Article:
Britain is planning to keep its forces in Iraq for five more years, a British defense planning document seen by the UK media shows.
The Telegraph (UK) obtained parts of a confidential planning document known as the Operational Tour Plot, prepared by high-level British defense officials plan for British forces to remain In Iraq until 2012.
British forces have operated in four provinces in southern Iraq. Two are already handed over to Iraqi security forces and two are due to be handed over.
A British base in Basra’s Shatt al-Arab hotel was handed over to the Iraqi security forces Sunday.
British Prime Minister Tony Blair has said earlier that British troops would remain in Iraq for two more years.
“The UK military presence will continue into 2008,” the PM told the House of Commons in February.
Nearly 100,000 of 180,000 members of the UK’s armed forces have rotated into Iraq since 2003. 140 UK soldiers have been killed in the war.
Senior commanders also told the Telegraph that the British troop commitment in Afghanistan is also set to rise in the next two years.
Preparations are complete to hand the Maysan Province security file over to Iraq, Aswat al-Iraq reports in Arabic.
The governor of Maysan Province, 'Adil Mahwadar Radi, announced Monday that “We have completed all the preparations and protocols,” adding that the date of the handover had not been announced “for security considerations.”
“We also have communications with the British forces,” Radi also said, adding that a memo of understanding would be signed between the two, establishing the “freedom of British forces to move in the province and the frameworks of corporation between the two sides”
Iraqi Prime Minister Nouri al-Maliki announced recently that the Maysan handover was in the works.
Maysan province would be the third southern province in which security responsibilities have been handed over to Iraqi forces, after Muthanna and Dhi Qar provinces.
Korean Forces to set withdrawal date in June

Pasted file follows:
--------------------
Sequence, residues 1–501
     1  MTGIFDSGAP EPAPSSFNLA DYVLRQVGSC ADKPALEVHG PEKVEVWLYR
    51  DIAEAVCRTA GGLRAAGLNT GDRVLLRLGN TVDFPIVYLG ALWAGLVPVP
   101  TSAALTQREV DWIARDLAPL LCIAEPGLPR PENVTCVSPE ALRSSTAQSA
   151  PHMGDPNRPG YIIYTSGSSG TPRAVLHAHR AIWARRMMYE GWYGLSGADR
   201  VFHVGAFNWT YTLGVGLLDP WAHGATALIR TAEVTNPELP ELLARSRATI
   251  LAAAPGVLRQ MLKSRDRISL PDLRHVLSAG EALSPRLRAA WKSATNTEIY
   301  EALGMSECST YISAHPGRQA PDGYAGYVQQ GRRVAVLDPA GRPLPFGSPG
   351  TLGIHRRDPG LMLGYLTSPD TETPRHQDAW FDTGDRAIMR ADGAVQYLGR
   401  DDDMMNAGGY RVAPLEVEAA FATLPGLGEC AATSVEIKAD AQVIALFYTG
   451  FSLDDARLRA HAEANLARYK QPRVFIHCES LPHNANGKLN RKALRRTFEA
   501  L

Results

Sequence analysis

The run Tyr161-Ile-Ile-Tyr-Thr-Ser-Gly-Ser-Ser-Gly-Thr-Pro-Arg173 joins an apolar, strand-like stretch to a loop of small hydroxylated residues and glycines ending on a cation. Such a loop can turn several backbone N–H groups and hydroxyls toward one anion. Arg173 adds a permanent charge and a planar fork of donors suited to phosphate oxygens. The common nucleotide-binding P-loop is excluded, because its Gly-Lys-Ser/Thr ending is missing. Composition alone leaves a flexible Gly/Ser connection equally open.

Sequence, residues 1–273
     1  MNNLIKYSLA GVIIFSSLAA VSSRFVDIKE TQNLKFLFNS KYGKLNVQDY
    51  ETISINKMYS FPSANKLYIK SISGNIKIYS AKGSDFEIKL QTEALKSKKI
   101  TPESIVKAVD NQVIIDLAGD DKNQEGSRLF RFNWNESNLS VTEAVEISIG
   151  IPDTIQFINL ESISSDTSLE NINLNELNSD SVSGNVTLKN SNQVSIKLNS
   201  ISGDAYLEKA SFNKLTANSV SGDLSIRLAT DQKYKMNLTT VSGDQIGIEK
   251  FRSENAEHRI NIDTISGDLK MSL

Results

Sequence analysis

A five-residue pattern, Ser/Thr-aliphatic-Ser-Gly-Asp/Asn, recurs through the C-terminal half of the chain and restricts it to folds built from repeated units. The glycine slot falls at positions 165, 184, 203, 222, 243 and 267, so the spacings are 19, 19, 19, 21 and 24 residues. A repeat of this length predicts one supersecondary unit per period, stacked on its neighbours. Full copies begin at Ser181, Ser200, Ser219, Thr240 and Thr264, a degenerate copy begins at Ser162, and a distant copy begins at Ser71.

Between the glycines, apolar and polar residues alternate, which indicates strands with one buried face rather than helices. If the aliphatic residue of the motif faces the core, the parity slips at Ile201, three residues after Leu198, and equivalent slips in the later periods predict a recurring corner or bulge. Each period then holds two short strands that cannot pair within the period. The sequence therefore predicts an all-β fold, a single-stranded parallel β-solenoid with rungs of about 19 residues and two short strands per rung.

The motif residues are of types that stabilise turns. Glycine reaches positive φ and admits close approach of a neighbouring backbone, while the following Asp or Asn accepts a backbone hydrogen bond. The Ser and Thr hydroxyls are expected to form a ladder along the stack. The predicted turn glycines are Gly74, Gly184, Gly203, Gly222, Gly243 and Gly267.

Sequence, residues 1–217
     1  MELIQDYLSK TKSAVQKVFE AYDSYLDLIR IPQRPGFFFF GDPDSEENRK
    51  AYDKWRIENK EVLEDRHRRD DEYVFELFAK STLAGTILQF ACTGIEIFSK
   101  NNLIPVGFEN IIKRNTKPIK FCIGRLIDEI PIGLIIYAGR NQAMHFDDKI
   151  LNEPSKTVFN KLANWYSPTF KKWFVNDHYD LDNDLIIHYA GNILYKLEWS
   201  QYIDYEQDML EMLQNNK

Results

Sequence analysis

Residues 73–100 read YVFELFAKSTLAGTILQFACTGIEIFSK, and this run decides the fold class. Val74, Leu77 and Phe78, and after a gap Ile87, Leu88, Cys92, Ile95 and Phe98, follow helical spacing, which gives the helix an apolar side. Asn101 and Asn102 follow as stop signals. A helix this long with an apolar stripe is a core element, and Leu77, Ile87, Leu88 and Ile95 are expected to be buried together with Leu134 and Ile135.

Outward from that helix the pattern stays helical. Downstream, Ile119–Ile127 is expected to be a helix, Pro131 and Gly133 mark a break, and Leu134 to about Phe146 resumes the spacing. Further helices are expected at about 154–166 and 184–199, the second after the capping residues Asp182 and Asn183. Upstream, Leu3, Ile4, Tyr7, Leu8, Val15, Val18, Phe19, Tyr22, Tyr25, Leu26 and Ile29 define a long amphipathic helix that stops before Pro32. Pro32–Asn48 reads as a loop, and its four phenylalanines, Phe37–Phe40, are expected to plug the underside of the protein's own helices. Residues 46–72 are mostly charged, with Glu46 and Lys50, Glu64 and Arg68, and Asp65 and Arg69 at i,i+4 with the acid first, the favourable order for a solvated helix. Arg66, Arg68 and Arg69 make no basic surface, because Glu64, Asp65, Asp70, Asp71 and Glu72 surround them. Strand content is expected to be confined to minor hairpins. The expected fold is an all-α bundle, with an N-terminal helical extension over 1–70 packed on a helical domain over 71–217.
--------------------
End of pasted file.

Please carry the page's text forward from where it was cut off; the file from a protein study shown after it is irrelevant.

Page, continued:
During a question-and-answer session at the Korean National Assembly, Kim told the body, ""We are trying to submit the plan on terminating the mission of the troops in Iraq by the end of June."
South Korea presently has 1,600 soldiers in northern Iraq, set to be reduced to 1,200 this month.
Polish Forces change rules of engagement
Polish forces in Iraq have been permitted to return fire, Bloomberg reports.
In an interview on Poland’s TVN24, Polish DM Aleksander Szczyglo said, “It was humiliating for them that they were shot at and weren't able to return fire,'” adding, “Now everyone knows that if someone shoots at a Polish soldier, the Polish soldier will shoot at them too -- and that's how things should be,” the agency reported Friday.
Earlier last week, Polish President Lech Kaczynsi said that “it might be necessary to change the nature'' of Poland's mission in Iraq,” to use Polish troops for more offensive purposes, rather than the training operations they have been pursuing.
The Polish base in Diwaniya has come under more frequent attack recently.
The country announced in December that it would extend its deployment in Iraq until the end of 2007.
Polish forces have been participating in recent operations in Diwaniya, where their military presence in Iraq is based, Bloomberg reports.